Just as civilians are trained to handle emergency medical situations, we can train people how to respond to a disclosure of sexual assault so that the victim feels believed and supported. Individuals who complete the First Responder to Sexual Assault Training will leave with the necessary background knowledge of sexual violence in various forms (childhood sexual abuse, barriers to disclosure, communication techniques, and community referrals) so that they are prepared to connect with the victim in the very short term and help them determine how they want to move forward.
The First Responder to Sexual Assault Training will be offered for the first time November 29 and 30, 2017 at the Saskatoon Community Service Village. There are only 12 spots, but we will create a waiting list for when the training is offered again in March and those on the list will be offered first right of refusal.
What: First Responder to Sexual Assault Training
When: November 29 and 30, 2017
Time: 8:30am – 5pm (two full-day sessions)
Where: Saskatoon Community Service Village (506 25 Street East)
Cost: $125; meals and training materials provided
Registration: Please call Megan Evans at 306-244-2294 or email firstname.lastname@example.org
Registration deadline: Wednesday, November 22 at 12pm
If you’ve been following our webpage and social media, you are likely aware that we maintain a 24-hour Crisis Line, run by a team of fabulous volunteers. They do a lot of listening and encouraging, and every one of them is prepared to get out of bed to go meet a sexual assault survivor at the hospital for medical intervention. Volunteers: we couldn’t do our work without them!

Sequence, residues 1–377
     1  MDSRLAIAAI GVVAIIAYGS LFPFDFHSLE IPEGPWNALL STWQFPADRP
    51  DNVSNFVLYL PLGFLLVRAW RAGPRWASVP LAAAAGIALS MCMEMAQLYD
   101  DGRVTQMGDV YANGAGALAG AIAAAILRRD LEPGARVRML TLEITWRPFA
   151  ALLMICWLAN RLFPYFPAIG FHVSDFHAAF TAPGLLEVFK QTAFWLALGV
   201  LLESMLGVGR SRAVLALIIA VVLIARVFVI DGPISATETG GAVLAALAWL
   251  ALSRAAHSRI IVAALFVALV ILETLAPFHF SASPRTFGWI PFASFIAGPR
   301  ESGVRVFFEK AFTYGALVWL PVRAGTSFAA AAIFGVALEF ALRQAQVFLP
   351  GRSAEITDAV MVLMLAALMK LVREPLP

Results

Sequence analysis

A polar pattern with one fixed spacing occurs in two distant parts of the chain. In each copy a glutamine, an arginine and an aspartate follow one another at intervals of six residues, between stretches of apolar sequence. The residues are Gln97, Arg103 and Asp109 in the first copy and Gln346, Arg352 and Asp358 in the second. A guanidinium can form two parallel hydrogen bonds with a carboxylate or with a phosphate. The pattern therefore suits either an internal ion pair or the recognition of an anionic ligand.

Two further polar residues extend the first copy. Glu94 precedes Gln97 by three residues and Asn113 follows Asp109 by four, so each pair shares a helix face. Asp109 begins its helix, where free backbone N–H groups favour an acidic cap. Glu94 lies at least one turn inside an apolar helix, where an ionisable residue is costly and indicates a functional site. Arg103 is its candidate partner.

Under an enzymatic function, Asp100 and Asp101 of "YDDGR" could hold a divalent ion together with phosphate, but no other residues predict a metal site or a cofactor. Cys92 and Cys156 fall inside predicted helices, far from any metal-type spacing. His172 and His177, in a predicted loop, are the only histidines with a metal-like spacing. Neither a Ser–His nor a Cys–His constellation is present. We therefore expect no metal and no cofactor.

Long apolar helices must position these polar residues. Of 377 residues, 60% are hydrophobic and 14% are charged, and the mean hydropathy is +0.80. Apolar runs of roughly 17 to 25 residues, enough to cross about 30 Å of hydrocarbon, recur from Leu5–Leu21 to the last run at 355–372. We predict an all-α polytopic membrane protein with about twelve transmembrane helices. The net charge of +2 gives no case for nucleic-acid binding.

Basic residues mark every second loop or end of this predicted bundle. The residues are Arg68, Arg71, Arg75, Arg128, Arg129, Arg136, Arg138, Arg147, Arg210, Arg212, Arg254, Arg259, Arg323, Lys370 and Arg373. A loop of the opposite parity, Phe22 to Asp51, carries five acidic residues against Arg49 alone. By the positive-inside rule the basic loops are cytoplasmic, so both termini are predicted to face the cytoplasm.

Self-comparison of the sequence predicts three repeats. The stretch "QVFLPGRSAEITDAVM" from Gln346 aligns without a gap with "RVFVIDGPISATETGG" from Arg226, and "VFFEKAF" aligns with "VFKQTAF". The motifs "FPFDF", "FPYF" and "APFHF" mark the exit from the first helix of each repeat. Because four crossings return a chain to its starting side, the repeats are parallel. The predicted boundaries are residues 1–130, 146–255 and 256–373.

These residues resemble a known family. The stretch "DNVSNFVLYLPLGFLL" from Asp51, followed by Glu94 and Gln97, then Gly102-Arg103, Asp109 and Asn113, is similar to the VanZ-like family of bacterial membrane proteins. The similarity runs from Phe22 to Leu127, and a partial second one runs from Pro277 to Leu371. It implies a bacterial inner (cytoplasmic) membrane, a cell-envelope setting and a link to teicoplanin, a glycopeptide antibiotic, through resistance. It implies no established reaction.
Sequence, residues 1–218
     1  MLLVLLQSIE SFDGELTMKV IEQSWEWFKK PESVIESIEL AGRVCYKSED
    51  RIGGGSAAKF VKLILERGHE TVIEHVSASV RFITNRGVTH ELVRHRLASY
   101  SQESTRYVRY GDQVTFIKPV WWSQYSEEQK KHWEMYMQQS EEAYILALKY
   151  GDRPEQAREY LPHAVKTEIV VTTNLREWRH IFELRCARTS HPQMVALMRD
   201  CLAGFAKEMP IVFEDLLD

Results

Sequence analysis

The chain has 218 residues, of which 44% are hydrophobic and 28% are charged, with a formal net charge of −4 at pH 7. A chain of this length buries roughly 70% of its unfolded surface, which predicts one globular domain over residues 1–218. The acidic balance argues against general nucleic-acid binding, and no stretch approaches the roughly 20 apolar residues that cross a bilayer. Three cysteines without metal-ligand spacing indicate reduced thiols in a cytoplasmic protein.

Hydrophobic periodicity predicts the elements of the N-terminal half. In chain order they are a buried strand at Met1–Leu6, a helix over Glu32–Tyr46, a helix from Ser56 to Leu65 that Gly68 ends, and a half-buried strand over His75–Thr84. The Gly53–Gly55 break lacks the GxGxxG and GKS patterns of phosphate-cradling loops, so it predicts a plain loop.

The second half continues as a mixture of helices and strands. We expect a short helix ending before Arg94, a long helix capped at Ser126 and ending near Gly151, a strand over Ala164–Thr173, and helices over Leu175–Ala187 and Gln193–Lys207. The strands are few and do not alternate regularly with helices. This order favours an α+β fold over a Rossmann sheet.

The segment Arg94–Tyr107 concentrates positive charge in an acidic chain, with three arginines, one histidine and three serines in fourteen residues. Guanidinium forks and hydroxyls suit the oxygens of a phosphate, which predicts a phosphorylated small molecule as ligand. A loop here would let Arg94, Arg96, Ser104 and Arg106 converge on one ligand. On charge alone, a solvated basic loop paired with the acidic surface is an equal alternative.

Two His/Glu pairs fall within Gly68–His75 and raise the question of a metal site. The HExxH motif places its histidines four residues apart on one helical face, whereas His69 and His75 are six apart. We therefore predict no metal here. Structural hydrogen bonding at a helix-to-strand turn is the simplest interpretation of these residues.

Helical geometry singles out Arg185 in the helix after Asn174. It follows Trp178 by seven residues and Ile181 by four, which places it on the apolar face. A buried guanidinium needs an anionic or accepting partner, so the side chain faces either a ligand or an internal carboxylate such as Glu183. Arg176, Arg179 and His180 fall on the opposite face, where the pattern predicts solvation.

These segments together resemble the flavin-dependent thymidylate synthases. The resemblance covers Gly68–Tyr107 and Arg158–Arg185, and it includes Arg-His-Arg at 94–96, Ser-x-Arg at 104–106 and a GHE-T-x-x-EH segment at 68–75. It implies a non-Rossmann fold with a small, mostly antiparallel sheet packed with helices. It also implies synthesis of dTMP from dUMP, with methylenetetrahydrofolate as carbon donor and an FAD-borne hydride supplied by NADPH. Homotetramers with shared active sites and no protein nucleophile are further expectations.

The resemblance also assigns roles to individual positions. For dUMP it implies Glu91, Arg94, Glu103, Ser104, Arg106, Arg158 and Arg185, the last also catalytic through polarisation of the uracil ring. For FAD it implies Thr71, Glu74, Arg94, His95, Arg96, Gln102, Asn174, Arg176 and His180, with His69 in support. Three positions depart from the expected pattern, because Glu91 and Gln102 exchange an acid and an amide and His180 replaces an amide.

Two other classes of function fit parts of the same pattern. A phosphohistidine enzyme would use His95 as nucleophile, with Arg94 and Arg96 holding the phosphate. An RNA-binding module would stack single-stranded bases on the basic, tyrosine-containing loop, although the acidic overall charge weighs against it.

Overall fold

Now, this difficult situation has been made a little more comforting because of Amber Ly at Campus Medicine Shoppe. The U of S recently held its annual Sexual Assault Awareness Week, during which time we began working more closely with Amber. We talked about how their branch might do something to make a difference for survivors; they decided to create “self-care kits” that will be provided to survivors following their medical / forensic examinations. We have just received the first delivery of the kits and will be making sure the hospitals have a supply available for distribution.
We’ll be monitoring the distribution of the kits, as well as any feedback from survivors. For now, we want to extend a big thanks to Amber at Campus Medicine Shoppe.
In the kits:
Hair brush & hair elastic
Toothbrush & toothpaste
Body wash & body sponge
Shampoo & conditioner
Underwear & panty liners
Same toiletries as above plus…
Razor & shave foam
Help SSAIC support survivors of sexual violence.